July Fishing Can Be Hit or Miss: The Captain’s Column
Fishing in July can be hit and miss, especially on the rivers with these warm days that we have been experiencing. Quite a few Montanans have friends or family visiting this time of the year. Some of the folks visiting might want to try their hand at fly fishing some of our local rivers or lakes. I asked two area outfitters what bodies of water they might suggest. John Perry from Johnperryflyfishing.com wrote this in an e-mail. “Fishing on Georgetown Lake has been awesome with dry damsel fly patterns-best time is during the heat of the day. A slight twitch is like ringing the dinner bell-many fish in the 16 to 18 inch range. Dry fly fishing on the big rivers around Missoula has been fairly good in the mornings-but seems to slow down quite a bit during the heat of the day. If you are new to the area or just visiting you may want to try smaller streams like upper upper Rock Creek or Fish Creek west of Missoula. Also, try some very small streams like Mill Creek by Frenchtown or some of the smaller streams in the Bitterroot Valley. The shaded canopy of trees really cools you off even on extremely hot days. If you can travel and want to fish for rising fish – I would suggest the upper Missouri River by Wolf Creek-tons of tricos are out. You may want to use a dry trico cluster to try and fool them or give them something a bit larger than a trico. Hopper season is right around the corner-it’s probably about 2 or 3 weeks away. Anyway, pray for rain and cooler temperatures”.
Scott Anderson from Montana Fishing Company had these suggestions in an e-mail, “The Missouri you can walk/wade or float. The action is unreal. Thousands of fish rising to dry flies! A word of caution, use a subtle hook set or you will break off every fish that eats your dry fly! The Thompson River is doing great in the morning and afternoon. Walk wade only. Forget fishing in the mid day 100 degree hatches. The only thing you will get is a sun burn! The Bitterroot River is great now for float fishing and will only get better. All rivers will see about the same flies hatching on the water with, pmd’s, caddis, green drakes, yellow sallies”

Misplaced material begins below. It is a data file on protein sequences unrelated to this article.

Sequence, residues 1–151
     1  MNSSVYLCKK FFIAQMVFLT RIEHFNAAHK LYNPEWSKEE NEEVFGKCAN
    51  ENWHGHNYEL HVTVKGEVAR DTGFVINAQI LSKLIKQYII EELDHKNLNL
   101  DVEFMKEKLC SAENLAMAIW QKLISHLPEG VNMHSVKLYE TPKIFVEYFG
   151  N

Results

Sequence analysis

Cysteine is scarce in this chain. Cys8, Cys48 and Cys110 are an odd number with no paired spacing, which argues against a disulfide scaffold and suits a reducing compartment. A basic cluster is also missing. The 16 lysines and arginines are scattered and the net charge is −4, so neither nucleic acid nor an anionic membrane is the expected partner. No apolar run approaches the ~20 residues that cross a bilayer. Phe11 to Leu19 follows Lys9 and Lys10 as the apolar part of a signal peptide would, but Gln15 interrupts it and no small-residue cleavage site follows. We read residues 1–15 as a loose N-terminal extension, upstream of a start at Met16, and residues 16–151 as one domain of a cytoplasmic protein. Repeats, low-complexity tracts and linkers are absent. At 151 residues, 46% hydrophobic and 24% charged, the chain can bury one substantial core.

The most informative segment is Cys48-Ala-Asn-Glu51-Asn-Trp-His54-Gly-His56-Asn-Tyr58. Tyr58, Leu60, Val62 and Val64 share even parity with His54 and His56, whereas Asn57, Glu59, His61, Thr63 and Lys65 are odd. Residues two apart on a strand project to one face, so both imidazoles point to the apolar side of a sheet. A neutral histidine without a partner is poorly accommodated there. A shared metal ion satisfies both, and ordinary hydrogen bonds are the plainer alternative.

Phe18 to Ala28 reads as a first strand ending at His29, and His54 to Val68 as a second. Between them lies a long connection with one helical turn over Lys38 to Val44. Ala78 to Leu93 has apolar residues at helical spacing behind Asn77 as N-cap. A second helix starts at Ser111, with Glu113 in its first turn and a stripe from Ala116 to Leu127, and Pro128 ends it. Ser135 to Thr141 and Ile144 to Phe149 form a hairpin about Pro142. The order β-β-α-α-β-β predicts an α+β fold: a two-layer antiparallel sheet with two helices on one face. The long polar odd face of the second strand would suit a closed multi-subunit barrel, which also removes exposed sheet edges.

Last week I mentioned that Jim Vashro thought that the whitefish bite on Flathead Lake might be good this year. Unfortunately the weather in June might have adversely affected the perch spawn a key to getting the whitefish bite in place. This is what Vashro had to say about that “In June the weather turned horrible. My concern is that I still think we got a decent perch hatch. But June was cold with lots of high flows and turbidity moving through the lake. That could have seriously delayed zooplankton development. Small perch don’t have any fat reserves so they could starve to death in pretty short order. So, I’m still hopeful but not as much. Keep your fingers crossed, we’ll know in a couple of weeks”.